- Mid-wage industries constituted 36 percent of job loss, and 37 percent of recent growth
- Higher-wage industries constituted 40 percent of job loss, but only 14 percent of recent growth
The industries which have shed the most positions, the report found, were correlated with the housing bust and the struggles of the financial sector. Construction made up 38 percent of job losses in the last year; non-durable manufacturing constituted 19 percent; finance and insurance made up 10 percent, the report found.
“This snapshot suggests that the job opportunities currently available to workers have deteriorated compared to what was available before the recession,” said policy co-director at NELP Annette Bernhardt in a recent press release. “If these trends continue, the slow recovery combined with imbalanced growth could make it much harder for workers to find family-supporting jobs and pose real obstacles to restoring consumer demand. It’s imperative that we keep a close eye on industry growth trends as the recovery proceeds.”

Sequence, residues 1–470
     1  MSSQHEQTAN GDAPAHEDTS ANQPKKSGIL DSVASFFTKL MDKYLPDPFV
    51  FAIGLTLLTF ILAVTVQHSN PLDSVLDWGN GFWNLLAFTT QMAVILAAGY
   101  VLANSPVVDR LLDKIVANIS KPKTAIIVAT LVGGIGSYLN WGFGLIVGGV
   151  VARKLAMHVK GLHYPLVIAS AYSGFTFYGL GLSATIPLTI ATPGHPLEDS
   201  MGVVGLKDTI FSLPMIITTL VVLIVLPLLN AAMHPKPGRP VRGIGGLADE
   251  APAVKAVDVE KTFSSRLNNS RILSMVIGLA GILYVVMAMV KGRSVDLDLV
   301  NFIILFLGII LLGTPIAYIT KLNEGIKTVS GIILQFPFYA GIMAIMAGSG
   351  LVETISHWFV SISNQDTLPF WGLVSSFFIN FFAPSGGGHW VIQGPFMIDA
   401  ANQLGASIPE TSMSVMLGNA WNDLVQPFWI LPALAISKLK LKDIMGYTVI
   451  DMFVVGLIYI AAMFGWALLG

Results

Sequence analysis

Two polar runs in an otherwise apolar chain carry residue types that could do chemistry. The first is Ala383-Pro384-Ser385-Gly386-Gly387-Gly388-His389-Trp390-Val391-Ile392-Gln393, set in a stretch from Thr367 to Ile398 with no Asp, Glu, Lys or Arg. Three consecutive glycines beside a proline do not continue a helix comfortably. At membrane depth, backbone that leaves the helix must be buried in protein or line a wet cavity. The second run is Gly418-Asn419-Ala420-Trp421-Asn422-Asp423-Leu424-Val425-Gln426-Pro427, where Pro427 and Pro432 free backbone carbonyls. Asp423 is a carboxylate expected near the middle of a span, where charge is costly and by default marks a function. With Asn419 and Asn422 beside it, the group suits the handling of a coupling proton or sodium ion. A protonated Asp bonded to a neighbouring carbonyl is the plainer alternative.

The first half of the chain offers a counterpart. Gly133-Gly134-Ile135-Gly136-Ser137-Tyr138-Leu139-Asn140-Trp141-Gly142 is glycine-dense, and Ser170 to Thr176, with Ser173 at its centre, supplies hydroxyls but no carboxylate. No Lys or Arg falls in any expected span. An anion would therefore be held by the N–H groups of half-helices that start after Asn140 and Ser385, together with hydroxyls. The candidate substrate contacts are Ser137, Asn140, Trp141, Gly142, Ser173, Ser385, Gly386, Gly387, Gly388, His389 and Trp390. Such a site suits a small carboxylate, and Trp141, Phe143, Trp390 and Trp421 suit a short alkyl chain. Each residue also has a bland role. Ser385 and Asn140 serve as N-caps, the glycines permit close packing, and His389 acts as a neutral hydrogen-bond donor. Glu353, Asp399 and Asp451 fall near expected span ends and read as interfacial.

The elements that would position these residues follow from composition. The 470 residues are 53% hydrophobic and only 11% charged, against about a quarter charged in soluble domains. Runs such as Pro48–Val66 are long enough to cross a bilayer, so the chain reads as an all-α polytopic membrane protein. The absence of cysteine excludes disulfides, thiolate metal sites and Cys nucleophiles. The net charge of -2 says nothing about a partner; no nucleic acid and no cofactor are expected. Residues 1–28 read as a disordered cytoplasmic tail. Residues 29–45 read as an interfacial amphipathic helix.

For former labor secretary Robert Reich, the point now is not as much about jobs — as it is about wages. He opines on The Huffington Post, “The Real News on Jobs.”
While the biggest losses were higher-wage jobs paying an average of $19.05 to $31.40 an hour, the biggest gains have been lower-wage jobs paying an average of $9.03 to $12.91 an hour.
In other words, the big news isn’t jobs. It’s wages.
For several years now, conservative economists have blamed high unemployment on the purported fact that many Americans have priced themselves out of the global/high-tech jobs market.
So if we want more jobs, they say, we’ll need to take pay and benefit cuts.
And that’s exactly what Americans have been doing.